Tanglehead (Contortus) is generally described as
a perennial graminoid.
native to the U.S. (United States)
has its most active growth period in the
spring and summer .
The greatest bloom is usually observed in the
with fruit and seed production starting in the
summer and continuing until
not retained year to year.
Tanglehead (Contortus) has a
moderate life span relative to most other plant species and a
moderate growth rate.
Tanglehead (Contortus) is usually not commercially available except under contract. It can be propagated by
It has a
slow ability to spread through seed production and the seedlings have
Note that cold stratification is
not required for seed germination and the plant cannot survive exposure to temperatures below
high tolerance to drought and restricted water conditions.
Uses of : Landscaping, Medicinal, Culinary, etc.
Livestock: Tanglehead (Heteropogon contortus) is a good forage grass for the southwestern United States, and does not develop sharp awns if it is consistently grazed. If allowed to form, these sharp awns can cause injury to sheep and other animals. Tanglehead is palatable to most livestock during the growing season. As it matures, it becomes coarser, and loses palatability. Tanglehead forage stands should be carefully managed, as populations will decrease under heavy grazing. Wildlife: In addition, tanglehead can provide good nesting cover for birds, and good fawning cover for deer. It can also be used as a grass for native habitat restoration projects.
Ethnobotanic: Tanglehead is also used in Hawaii, where it is called pili. It is considered an important forage grass, and has been used by Hawaiin natives to thatch huts.
Ornamental: Tanglehead’s interesting looking seedhead makes it a good candidate for ornamental use.
Tanglehead is a native, warm-season, perennial bunchgrass. Also known as spear grass, it is a member of the Andropogoneae tribe of grasses. Tanglehead can grow three to eight feet in height, although most plants in south Texas do not grow much taller than three feet.
Tanglehead has a unique and interesting seedhead with long, twisted dark-colored awns. In Texas, it can flower from March to December, although the main flowering period is from June to November. The genus name Heteropogon refers to the spikelets of this genus that come in pairs as it means ‘different beard’ in Greek. The species is mostly apomictic (producing seed without pollination), but sexual reproduction has also been known to occur.
Required Growing Conditions
Tanglehead has a worldwide distribution. It can be found on every major landmass between 35º N latitude and 35º S latitude. It is one of a very few grasses that is said to be native to both the Old World and New World tropics.
In the United State, it is present in the southern parts of Texas, New Mexico, Arizona, and in Hawaii. In Texas, it is found in sandy prairies in extreme south Texas and in the Trans-Pecos Mountains. In the coastal regions of Texas, tanglehead persists mostly in well-managed pastures, although it was once a common grass in the coastal prairies.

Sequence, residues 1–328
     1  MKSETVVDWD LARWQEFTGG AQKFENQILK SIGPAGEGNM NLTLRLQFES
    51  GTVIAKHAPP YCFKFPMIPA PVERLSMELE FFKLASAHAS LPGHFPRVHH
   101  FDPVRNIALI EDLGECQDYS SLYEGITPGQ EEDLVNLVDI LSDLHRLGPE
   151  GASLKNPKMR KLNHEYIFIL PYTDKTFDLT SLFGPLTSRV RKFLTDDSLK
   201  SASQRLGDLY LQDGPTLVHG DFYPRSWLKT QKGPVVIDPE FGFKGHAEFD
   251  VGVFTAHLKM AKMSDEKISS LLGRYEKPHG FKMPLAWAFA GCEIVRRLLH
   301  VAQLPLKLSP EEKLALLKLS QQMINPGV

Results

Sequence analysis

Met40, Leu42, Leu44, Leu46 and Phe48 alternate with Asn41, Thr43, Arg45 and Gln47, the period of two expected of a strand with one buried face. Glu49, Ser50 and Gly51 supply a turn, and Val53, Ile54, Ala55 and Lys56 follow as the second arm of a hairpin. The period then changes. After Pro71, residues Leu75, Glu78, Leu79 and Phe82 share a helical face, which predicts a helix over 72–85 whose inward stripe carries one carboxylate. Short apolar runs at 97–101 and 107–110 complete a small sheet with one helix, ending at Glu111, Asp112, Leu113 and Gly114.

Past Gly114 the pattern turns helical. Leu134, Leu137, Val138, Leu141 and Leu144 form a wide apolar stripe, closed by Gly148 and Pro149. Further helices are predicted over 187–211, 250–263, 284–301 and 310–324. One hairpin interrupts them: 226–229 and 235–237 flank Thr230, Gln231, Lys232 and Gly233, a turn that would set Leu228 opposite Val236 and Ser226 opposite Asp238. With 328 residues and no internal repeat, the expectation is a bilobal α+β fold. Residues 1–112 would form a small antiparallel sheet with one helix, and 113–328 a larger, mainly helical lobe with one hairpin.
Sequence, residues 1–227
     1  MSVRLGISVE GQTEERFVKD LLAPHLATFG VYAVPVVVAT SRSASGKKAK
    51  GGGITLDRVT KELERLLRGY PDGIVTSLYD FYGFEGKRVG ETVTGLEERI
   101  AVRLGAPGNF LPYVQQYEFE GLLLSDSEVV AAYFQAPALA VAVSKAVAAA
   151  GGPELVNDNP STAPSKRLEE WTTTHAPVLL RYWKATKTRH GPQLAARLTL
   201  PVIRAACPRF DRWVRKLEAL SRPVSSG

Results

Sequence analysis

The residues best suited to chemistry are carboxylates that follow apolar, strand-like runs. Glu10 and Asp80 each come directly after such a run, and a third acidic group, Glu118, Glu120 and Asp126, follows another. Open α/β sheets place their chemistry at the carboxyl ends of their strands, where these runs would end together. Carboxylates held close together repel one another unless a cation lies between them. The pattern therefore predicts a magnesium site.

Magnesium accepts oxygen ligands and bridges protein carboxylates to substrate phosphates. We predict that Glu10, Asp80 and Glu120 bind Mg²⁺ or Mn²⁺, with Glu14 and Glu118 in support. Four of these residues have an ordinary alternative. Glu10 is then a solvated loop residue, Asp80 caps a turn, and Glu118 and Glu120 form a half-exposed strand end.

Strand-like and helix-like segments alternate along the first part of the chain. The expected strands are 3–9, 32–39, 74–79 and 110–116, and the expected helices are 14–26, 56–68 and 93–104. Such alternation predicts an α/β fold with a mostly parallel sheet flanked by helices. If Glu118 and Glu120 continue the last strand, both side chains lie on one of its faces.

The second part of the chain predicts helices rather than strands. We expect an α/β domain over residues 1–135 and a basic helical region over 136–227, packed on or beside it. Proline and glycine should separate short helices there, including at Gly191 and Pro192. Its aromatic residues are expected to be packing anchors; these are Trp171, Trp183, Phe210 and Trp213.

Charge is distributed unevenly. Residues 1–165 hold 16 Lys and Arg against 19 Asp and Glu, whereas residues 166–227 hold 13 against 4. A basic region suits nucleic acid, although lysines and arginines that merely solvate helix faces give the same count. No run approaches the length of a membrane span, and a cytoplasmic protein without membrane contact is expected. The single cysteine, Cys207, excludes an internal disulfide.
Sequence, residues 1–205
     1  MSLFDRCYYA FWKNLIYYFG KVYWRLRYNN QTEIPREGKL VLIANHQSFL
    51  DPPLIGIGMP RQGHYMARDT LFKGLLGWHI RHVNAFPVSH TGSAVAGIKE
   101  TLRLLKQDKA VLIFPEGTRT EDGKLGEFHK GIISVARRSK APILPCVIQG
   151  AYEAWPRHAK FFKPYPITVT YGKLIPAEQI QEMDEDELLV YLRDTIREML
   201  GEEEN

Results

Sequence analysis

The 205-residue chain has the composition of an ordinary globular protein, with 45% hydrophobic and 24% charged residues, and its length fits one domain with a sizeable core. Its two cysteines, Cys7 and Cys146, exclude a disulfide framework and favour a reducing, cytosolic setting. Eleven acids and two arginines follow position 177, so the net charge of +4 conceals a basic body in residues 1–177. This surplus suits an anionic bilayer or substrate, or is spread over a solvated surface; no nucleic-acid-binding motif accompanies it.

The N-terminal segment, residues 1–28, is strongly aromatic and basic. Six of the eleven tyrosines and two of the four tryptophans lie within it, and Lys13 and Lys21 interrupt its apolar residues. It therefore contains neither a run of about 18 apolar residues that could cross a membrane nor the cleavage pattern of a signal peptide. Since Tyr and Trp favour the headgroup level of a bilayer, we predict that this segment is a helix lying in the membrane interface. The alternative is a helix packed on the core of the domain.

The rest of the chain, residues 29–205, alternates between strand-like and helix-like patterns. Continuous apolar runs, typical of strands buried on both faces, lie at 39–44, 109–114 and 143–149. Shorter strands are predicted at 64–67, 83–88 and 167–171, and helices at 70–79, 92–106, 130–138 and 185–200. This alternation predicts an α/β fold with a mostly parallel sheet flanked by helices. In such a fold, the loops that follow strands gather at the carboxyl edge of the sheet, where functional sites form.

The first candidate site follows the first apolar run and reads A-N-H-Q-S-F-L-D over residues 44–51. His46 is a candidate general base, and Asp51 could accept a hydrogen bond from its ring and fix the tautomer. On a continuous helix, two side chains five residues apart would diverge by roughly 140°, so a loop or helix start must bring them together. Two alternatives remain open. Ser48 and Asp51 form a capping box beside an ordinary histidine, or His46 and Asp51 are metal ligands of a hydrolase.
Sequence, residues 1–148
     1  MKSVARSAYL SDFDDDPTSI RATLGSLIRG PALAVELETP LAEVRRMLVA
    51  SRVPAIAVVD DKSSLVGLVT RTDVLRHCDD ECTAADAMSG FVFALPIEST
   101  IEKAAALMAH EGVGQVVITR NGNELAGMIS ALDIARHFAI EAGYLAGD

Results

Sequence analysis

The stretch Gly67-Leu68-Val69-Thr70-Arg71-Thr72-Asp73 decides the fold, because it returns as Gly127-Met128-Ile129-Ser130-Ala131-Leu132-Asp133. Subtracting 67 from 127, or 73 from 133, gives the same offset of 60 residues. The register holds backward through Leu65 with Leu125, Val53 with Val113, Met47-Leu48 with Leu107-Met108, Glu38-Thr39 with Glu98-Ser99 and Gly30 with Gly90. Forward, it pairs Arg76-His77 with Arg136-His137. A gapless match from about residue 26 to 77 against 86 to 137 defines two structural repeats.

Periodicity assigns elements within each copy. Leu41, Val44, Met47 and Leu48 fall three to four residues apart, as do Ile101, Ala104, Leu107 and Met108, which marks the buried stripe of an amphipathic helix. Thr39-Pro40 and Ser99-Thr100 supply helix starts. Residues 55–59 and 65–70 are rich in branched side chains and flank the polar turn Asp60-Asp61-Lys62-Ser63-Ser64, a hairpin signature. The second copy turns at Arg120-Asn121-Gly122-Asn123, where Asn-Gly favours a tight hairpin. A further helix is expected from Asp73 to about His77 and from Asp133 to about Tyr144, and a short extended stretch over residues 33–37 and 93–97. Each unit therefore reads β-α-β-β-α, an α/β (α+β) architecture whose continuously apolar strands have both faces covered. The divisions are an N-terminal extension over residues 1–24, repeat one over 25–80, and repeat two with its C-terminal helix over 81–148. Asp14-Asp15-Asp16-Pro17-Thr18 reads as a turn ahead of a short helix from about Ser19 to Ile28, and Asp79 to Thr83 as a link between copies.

It should be noted that tanglehead has a high degree of adaptability that has allowed it to survive in locations around the world for many years. Therefore plants from different global locations may differ in a wide range of morphological and phenological characteristics.
Known Distribution Please consult the PLANTS Web site for the current distribution of this species.
Cultivation and Care
Tanglehead can be reproduced from seeds or vegetative transplants. A stand of tanglehead was established at the Kika de la Garza Plant Materials Center using vegetative bunches split off of original plants from collection sites throughout Texas. Tanglehead plants at the PMC have also been grown from seed, although germination was found to be less than ten percent using conventional germination techniques without scarification.
General Upkeep and Control
Tanglehead plants at the Kika de la Garza Center were shredded or burned on an annual basis to reduce dead plant matter and induce new growth. Burning is commonly used as a tool to maintain tanglehead pastures for grazing in other parts of the world. However, some of the south Texas accessions were very sensitive to burning, being slow to re-grow. Therefore, ample time should be given between burning and grazing periods.
It is recommended that a minimum six-inch stubble height be maintained under continuous grazing. For rotational grazing, forage height should be utilized between four to ten inches.
Pests and Potential Problems Mechanical harvesting of tanglehead was found to be impractical, as the seed heads tend to ball up during combining. Similar problems occur with a brush harvester, as the seed heads tend to catch in the brushes. In addition, seed cleaning was difficult, as the large awns are not easy to remove without damaging the seeds. However, without the removal of the awns, mechanical planting would not be practical, as they would clog the planter. This limits tanglehead’s applications in south Texas to small acreage and ornamental uses.
Source: USDA, NRCS, PLANTS Database, plants.usda.gov.
National Plant Data Center, Baton Rouge, LA 70874-4490 USA